Both Airbus and Boeing have been in dispute for many years over alleged state subsidies for both companies by the EU and the US respectively in the highly competitive world of aircraft manufacturing.
The latest spat is the ruling by the WTO over subsidies allegedly granted by the EU and some member states to Airbus, including "Launch Aid" and "Member State Financing," European Investment Bank loans, "debt forgiveness" and research as well as development funding, worth US$22 billion.
The current dispute has been going on for over ten years, amid cries from both sides of the Atlantic that both the EU and the US are giving subsidies to their respective airframe manufacturers. In the latest twist, the WTO has ruled that the US had demonstrated that the European Union "to take appropriate steps to remove the adverse effects" of the subsides complained of by Boeing.
The WTO said the EU, as well as Britain, France, Germany and Spain, had failed to comply with earlier rulings against all but two of 36 contested measures, including billions of dollars of European government loans to Airbus.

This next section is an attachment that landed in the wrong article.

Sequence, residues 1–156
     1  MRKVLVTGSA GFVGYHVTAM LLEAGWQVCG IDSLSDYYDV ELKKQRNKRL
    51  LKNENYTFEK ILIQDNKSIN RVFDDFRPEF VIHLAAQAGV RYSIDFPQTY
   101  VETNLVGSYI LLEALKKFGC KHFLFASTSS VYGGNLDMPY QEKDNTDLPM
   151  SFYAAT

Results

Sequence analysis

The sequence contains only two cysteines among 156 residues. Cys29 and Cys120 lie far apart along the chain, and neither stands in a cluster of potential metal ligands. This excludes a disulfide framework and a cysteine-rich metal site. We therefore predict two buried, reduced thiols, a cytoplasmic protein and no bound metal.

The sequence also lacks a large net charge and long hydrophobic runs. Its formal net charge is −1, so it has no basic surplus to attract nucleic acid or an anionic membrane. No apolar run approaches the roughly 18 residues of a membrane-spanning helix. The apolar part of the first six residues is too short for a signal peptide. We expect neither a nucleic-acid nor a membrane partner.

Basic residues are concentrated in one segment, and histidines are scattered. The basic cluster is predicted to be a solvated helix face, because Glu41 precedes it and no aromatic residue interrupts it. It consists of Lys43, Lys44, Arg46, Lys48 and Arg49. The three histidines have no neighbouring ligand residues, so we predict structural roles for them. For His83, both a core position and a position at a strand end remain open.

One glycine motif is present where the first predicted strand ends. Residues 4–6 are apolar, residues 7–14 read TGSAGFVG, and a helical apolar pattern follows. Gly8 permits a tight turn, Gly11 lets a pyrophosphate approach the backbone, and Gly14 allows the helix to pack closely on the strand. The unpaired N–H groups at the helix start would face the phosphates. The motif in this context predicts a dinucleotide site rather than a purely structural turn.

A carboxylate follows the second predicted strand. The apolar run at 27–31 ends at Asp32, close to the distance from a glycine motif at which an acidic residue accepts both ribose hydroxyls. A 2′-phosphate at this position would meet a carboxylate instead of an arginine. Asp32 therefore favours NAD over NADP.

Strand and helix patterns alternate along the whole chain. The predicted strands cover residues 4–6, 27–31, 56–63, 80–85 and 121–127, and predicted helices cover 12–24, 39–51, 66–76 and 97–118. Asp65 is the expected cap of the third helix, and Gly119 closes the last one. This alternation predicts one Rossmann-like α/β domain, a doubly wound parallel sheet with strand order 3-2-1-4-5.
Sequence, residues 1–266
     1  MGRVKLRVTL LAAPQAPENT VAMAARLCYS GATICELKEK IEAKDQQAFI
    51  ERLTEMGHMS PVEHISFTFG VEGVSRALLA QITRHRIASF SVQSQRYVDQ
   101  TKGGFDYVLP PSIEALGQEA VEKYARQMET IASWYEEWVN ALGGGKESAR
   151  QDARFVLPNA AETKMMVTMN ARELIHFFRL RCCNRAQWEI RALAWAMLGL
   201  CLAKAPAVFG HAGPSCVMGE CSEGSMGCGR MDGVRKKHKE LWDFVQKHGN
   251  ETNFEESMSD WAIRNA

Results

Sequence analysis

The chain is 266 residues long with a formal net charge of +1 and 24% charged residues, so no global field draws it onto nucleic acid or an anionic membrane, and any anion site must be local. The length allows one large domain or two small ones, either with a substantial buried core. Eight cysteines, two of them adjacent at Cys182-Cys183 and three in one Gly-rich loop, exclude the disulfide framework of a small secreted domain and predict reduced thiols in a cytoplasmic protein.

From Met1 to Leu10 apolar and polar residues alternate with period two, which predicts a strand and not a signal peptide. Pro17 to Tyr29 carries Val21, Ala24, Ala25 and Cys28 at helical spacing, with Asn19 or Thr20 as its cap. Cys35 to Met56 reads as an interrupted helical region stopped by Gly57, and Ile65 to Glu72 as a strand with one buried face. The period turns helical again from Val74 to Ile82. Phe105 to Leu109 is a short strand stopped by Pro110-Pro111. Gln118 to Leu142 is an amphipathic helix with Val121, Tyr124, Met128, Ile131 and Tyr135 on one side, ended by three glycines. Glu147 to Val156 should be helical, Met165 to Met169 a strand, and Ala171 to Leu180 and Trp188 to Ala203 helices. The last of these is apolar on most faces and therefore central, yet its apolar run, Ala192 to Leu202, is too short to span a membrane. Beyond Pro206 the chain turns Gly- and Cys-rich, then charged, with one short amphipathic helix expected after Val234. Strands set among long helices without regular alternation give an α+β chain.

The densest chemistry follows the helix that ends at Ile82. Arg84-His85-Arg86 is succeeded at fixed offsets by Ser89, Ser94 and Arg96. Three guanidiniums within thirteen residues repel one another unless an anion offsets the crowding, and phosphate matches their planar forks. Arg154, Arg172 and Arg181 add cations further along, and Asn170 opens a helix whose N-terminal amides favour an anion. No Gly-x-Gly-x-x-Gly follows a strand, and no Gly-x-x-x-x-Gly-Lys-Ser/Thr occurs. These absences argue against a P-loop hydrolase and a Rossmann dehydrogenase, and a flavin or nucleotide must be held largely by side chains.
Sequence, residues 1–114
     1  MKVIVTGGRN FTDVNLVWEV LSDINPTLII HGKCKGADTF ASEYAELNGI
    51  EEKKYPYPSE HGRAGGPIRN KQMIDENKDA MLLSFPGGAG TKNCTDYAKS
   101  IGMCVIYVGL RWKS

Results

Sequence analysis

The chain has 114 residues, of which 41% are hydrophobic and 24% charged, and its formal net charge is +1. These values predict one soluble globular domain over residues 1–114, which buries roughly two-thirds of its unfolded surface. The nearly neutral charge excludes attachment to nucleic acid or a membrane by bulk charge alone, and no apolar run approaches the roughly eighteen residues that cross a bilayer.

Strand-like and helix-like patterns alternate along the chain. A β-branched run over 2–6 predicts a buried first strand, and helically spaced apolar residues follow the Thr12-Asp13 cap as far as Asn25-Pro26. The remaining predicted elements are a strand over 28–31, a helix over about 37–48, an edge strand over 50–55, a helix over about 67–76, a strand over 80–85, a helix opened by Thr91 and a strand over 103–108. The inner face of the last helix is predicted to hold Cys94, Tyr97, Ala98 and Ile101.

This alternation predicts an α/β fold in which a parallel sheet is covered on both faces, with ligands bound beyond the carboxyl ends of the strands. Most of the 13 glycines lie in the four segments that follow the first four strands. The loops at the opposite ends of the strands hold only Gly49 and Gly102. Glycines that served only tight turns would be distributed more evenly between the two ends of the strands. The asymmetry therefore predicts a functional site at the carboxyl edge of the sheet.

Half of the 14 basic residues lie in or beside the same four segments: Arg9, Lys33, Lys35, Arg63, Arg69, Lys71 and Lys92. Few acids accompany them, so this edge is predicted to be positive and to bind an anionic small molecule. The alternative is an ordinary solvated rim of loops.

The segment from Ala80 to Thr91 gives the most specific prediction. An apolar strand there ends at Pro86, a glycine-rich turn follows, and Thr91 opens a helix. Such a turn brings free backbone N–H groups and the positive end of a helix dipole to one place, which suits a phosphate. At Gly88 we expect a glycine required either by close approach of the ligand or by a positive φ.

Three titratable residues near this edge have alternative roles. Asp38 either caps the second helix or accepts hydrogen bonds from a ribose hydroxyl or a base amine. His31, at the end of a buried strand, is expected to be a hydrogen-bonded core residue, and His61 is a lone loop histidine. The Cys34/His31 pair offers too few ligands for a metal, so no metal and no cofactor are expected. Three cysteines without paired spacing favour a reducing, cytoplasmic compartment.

The European Commission has said it will appeal the ruling.
US Trade Representative Michael Froman said: "This report is a sweeping victory for the United States and its aerospace workers. We have long maintained that EU aircraft subsidies have cost American companies tens of billions of dollars in lost revenue, which this report clearly proves. We will not tolerate our trading partners ignoring the rules at the expense of American workers and their families.
"Today's WTO report reinforces the value of international trade rules that ensure US companies and workers can compete and sell their world-class products and services on a level playing field. We expect the EU, Germany, France, the United Kingdom, and Spain — some of our closest trading partners — to respect WTO rules. We call on them to end subsidized financing of Airbus immediately."
TTIP is supposed to allow for free trade between the EU and the US, but has hit opposition because critics in the EU say it givens US-based multinational enormous and undemocratic powers, including the right to sue EU states for loss of profits. With both Washington and Brussels crying foul over Airbus and Boeing, opponents of TTIP will ask if there will ever be a level playing field in trade between the two continents.